Microsoft is set to demonstrate some new devices from partners running a stripped down version of Windows 7 with the Media centre interface, according to reports today. It appears that Microsoft is no longer willing to sit out the interactive TV resurgence being led by Apple, Google, and others.But this probably isn’t a new OS or a new strategy. Back in April, Microsoft announced and began beta testing Windows Embedded Standard 7*, a version of Windows 7 that is split up into discrete components. Device manufacturers can pick and choose the components they want to use in devices ranging from TV set-top boxes to gaming devices to fuel pumps. (Yes, fuel pumps–it’s right there on the site.) Microsoft did the same thing with Windows XP, and it’s a nice little business for the company, probably booking a couple hundred million in revenue per year.
In April, Microsoft announced that Windows Embedded Standard 7 would include the Windows Media centre interface as an available component. So device makers who want to make digital video recorders or other connected TV devices can use Media centre to let users remote-control the box, record TV shows, view certain Web video content, and so on. The experience will be familiar to users who have played with the Media centre interface in the full version of Windows.
The problem with this strategy is the same as the problem with Microsoft’s tablet strategy so far. Instead of exercising control over the user interface and hardware, Microsoft simply throws a multipurpose OS over the wall to its hardware partners and lets them run with it. As a result, the user experience isn’t consistent. For instance, the first two devices shown running the OS, from Acer and Asus, didn’t even support the CableCARD standard, meaning they could only pick up and record over-the-air TV signals. Who’s going to abandon their cable company’s built-in DVR for that?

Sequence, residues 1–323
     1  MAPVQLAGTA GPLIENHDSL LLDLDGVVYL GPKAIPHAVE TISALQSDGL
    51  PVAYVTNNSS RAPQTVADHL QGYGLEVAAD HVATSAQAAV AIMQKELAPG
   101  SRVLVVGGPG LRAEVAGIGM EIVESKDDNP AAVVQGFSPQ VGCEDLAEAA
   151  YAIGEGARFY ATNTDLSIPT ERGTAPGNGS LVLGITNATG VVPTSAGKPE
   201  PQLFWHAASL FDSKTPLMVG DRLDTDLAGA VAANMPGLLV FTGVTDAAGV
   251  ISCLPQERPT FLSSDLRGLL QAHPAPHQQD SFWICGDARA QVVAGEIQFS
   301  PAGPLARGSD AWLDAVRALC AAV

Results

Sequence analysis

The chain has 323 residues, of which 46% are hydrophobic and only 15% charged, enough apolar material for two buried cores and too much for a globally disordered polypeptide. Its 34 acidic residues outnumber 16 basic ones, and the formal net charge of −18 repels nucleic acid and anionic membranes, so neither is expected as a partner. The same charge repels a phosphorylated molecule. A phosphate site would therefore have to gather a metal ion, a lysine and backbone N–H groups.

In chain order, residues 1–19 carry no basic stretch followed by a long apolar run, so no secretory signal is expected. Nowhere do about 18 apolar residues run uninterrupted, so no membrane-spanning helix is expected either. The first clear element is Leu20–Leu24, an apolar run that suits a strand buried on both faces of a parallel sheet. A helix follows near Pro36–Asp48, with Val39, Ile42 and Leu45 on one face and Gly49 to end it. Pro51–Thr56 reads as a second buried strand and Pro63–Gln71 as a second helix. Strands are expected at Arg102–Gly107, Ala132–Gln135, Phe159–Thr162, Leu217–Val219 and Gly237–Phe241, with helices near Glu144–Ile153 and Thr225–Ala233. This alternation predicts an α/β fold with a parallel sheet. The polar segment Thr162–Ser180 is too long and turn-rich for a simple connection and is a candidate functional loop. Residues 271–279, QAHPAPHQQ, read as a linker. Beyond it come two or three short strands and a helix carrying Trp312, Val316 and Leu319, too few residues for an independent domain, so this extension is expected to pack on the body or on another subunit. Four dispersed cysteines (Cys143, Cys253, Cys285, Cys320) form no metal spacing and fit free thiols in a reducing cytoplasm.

The throw-it-over-the-wall approach has been tremendously successful in the PC world, where there’s a multitude of different hardware specifications and hundreds of thousands of available applications, and where users expect–even embrace–some inconsistency.
But in the world of consumer electronics, it’s been a non-starter so far. That’s why Microsoft basically abandoned that approach with Windows Phone 7, where it dictated everything from the start menu to the layout of the buttons.
*Confusingly, Windows Embedded Standard is completely different from Windows Embedded Compact, which was formerly known as Windows CE. Embedded Compact runs on ARM processors (as well as Intel processors like desktop Windows and Embedded Standard does), and is designed for disconnected low-power devices, like smartphones. It’s the basis of Windows Phone 7, and Windows Mobile before it.
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